Sunday, 6 December 2009

Bringing Home the Tree

I recall nostalgic images from the past . . .
gorgeous sleighs filled with people, smiling faces, and warm blankets, being pulled by horses through the snow. And perched on the back, poking out in all its glory, was the Christmas Tree.
What a lovely way to collect the family Christmas tree and to travel in such a brilliant fashion!
Such were the times of our grandparents and great-grandparents.
Today, we have different methods of bringing home the tree.

So it happened yesterday, we went out for a ride to Church Lench to attend the tiny village's Christmas Fayre. It meant a ride through the barren countryside on a gloriously sunny day.
With so many leaves off of the hedges and trees, it is a good time to garner a glimpse of country houses and estates that you normally cannot see when all is in full bloom and blossom.

Seeing the rolling hills and the peaceful sheep in the fields, was like stepping back in time when Christmastime meant a different holiday, celebrated in much simpler ways than we celebrate today.
We had a lovely day out and about and on our way home, the clouds began brewing and a sprinkle of rain danced on the windshield now and again.
We happened upon a Christmas tree farm, very near our home, behind the hill where we live.
Even though it had not been our intention to buy a tree on Saturday, we decided to go in and have a look.

Upon driving into the car park, we knew there were some stares and some smirks - in fact - the young lad who approached us was outwardly laughing - he just couldn't help himself.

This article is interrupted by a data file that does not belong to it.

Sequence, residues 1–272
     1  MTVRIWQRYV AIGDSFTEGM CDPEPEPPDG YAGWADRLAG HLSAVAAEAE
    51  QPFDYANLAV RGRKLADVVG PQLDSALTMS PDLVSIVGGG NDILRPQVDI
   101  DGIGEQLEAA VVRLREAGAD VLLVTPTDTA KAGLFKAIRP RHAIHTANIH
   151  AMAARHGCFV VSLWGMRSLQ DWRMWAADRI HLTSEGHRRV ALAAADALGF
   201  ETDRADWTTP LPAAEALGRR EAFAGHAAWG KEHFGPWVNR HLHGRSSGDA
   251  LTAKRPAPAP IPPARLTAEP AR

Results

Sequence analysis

He asked us what we were interested in looking at, and Jim responded with something like, "A tree, naturally." To which the lad replied with a laugh, "What size?"
By then of course everyone there was having a chuckle, but we didn't care because we knew better.

Our darling little car had taken home many unusual things in the past so we knew it was wrong to try to second-guess whether or not something was going to fit in it.
Why, my boxwood bushes and pots and soil had all come home in little Smartie so why wouldn't a tree?

We selected our tree, and popped the roof open, and dropped it inside the car just as the rain really began pounding down. We closed the roof enough to keep our heads dry and motored off.
We knew the folks in the car park were still having a chuckle, but we also knew it cost us much less for petrol to collect our tree than it dod for our jolly counterparts in their big Land Rovers!
I only wish we had had some sleigh bells, hot chocolate, a blanket and some carols playing inside, too!
The modern age is upon us - we say, "Let's make the most of it!"